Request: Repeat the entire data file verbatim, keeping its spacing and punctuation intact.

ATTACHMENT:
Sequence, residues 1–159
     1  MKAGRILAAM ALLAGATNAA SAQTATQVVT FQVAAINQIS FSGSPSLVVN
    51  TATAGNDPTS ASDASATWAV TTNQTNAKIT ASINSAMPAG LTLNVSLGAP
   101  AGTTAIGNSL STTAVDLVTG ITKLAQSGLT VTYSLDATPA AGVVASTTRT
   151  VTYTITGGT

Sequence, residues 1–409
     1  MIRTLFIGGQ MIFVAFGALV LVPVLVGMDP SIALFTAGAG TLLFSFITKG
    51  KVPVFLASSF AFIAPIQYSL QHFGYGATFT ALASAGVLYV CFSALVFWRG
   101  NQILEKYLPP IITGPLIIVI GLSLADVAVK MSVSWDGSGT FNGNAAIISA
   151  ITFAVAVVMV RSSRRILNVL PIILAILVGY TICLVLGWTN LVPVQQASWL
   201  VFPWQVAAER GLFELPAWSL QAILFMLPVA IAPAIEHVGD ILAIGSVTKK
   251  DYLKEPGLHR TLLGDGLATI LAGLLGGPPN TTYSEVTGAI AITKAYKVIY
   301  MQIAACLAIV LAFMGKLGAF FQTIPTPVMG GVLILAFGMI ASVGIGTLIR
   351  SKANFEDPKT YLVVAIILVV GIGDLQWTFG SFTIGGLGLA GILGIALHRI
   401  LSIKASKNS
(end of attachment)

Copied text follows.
Sequence, residues 1–159
     1  MKAGRILAAM ALLAGATNAA SAQTATQVVT FQVAAINQIS FSGSPSLVVN
    51  TATAGNDPTS ASDASATWAV TTNQTNAKIT ASINSAMPAG LTLNVSLGAP
   101  AGTTAIGNSL STTAVDLVTG ITKLAQSGLT VTYSLDATPA AGVVASTTRT
   151  VTYTITGGT

Sequence, residues 1–409
     1  MIRTLFIGGQ MIFVAFGALV LVPVLVGMDP SIALFTAGAG TLLFSFITKG
    51  KVPVFLASSF AFIAPIQYSL QHFGYGATFT ALASAGVLYV CFSALVFWRG
   101  NQILEKYLPP IITGPLIIVI GLSLADVAVK MSVSWDGSGT FNGNAAIISA
   151  ITFAVAVVMV RSSRRILNVL PIILAILVGY TICLVLGWTN LVPVQQASWL
   201  VFPWQVAAER GLFELPAWSL QAILFMLPVA IAPAIEHVGD ILAIGSVTKK
   251  DYLKEPGLHR TLLGDGLATI LAGLLGGPPN TTYSEVTGAI AITKAYKVIY
   301  MQIAACLAIV LAFMGKLGAF FQTIPTPVMG GVLILAFGMI ASVGIGTLIR
   351  SKANFEDPKT YLVVAIILVV GIGDLQWTFG SFTIGGLGLA GILGIALHRI
   401  LSIKASKNS